Several weeks ago, thick envelopes from Anthem Blue Cross stuffed with 21 pages of text landed in the mailboxes of thousands of the company’s California customers. The cover letter indicated right at the top that their premiums were going up, and advised that “if you’re happy with your health plan, it’s easy to keep it for 2017” — the only thing required was to pay the full premium on the bill for January. At least as noteworthy was a change that wasn’t explained until the packet’s next page: the elimination of coverage for non-emergency healthcare services provided by out-of-network doctors, hospitals, clinics or laboratories. (11/7)
The Desert Sun:
Thumbs Up To This Healthy Sign For Valley's Children
Coachella Valley residents seeking medical care, especially those in the eastern half, more help is on the way. Work has begun on the highly anticipated Loma Linda University Children's Hospital facility. The 12,000-square-foot outpatient care unit will house a pediatric specialty clinic and offer pediatric urgent care and primary and specialty care through the SAC Health System. This new operation should help fill a crucial need. Loma Linda officials say there are 135,000 children in our valley, and many areas, especially in the eastern valley, have few options when it comes to health care providers. (11/4)
The Modesto Bee:
Modesto Meeting Focuses On Treatment For Mentally Ill Homeless
When I have free time, I sometimes go to Modesto parks and talk with the homeless. They tell me their stories of how they ended up on the streets. Too often these stories involve mental illness. (Kevin Valine, 11/9)
A selection of opinions from across the country on Donald Trump's election win.
The New York Times:
The Future Of Obamacare Looks Bleak
Republicans in Congress have been calling for the repeal of Obamacare since it passed in 2010. With control of both houses of Congress and the presidency, they may finally get their chance to undo huge, consequential parts of the health law next year. If they succeed, about 22 million fewer Americans would have health insurance, according to an estimate from the nonpartisan Congressional Budget Office. (Margot Sanger-Katz, 11/9)
Repealing Obamacare May Be Easy. Replacing It Won't Be.
Trump's pitch to motivate insurers to compete against one another on price and quality of service sounds great in theory. In fact, all insurers already can sell plans in every state. There's a good reason why they don't. Insurance is regulated by the states, not the federal government. Each state writes its own minimum requirements for health coverage; for reserves and other solvency guarantees; for dispute settlements; and for how much plans can discriminate by charging older, sicker people more and younger, healthier people less. To sell plans in, say, Oklahoma, UnitedHealthcare, the U.S.'s largest health insurer, must follow Oklahoma's regulations. No single product would conform with Oklahoma's regulations and those of neighboring states. So UnitedHealthcare must tailor products for each. (Paula Dwyer, 11/10)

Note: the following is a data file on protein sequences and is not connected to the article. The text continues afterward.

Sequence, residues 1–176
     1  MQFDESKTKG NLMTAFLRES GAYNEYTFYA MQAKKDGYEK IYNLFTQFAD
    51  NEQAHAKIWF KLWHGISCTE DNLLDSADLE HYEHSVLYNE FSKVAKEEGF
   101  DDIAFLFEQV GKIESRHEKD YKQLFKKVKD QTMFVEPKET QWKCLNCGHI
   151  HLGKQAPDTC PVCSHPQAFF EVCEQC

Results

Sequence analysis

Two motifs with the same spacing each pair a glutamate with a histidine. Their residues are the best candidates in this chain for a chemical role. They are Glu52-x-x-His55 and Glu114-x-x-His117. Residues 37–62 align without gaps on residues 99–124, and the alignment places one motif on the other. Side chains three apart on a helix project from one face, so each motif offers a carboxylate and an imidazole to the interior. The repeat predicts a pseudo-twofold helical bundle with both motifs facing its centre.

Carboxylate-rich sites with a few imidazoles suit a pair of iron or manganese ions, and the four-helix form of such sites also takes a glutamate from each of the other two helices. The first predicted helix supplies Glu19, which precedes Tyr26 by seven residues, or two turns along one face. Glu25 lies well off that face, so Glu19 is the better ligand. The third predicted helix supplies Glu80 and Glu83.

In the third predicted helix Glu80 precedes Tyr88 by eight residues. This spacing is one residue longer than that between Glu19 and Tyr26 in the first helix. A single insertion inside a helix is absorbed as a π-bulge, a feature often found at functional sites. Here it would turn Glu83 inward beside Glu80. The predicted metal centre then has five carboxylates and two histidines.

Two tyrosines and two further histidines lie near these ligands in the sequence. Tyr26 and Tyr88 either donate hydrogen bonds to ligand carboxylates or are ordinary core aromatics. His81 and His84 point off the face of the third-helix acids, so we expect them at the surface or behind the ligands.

TrumpCare: In The Beginning ...
Yesterday Americans woke up to news of a new president-elect: Donald J. Trump. The immediate question for those whose lives focus around lifting the health of individual Americans is, “What does this mean for health care in America?” At the heart of the answer is uncertainty. Trump is an “unknown unknown” when it comes to deep, thoughtful health policy. He has excelled in many fields, but at best he personally has only dabbled in the field of health care, which accounts for a fifth of our overall economy and affects literally every American. (Bill Frist, 11/10)
An Abortion Doctor On Trump’s Win: ‘I Fear For My Life. I Fear For My Patients.’
As I’ve headed to work in recent days to see abortion patients in my office, I have felt bereft: All the premises of my life, work, education, and future were gone. Something very profound in the meaning of the America I know has been destroyed with the election of Donald J. Trump as president. (Warren M. Hern, 11/11)
The Washington Post:
Republicans Face A Daunting Task: Governing
Donald Trump was president-elect for less than a day before Republicans in Congress began gearing up to move policy in a way the country has not seen in six years. “The opportunity is to go big, to go bold, to get things done,” House Speaker Paul D. Ryan (Wis.) declared. The last time one party controlled Congress and the White House, President Obama signed the Affordable Care Act (ACA) into law. This time, Obamacare is on the chopping block. Full repeal seems unlikely for a variety of practical and political reasons. But even before the new administration and Congress set about scaling back the ACA, they must have a real replacement plan on deck. (11/9)
It's Trump's Turn To Wrestle With Reforming Healthcare
One of their biggest problems will be how to fund the tax deductions or credits they have proposed to help people afford health insurance in their new system. That's because repealing the ACA means erasing the hundreds of billions of dollars in taxes that pay for the law's premium tax credits and Medicaid expansion. Last January, congressional Republicans passed a repeal bill that wiped out the subsidies, the Medicaid expansion, and most of the major taxes, including taxes on hospitals, health insurers, medical device makers, and high-income taxpayers. President Barack Obama vetoed it. (Harris Meyer, 11/9)
Doctors To Donald Trump: First Do No Harm
We are a group of doctors who saw in your presidential campaign a threat to the health and well-being of the country. We wrote an open letter sharing our concerns, which more than 600 doctors signed. (Aaron Stupple, Andrew Goldstein and Steven Martin, 11/10)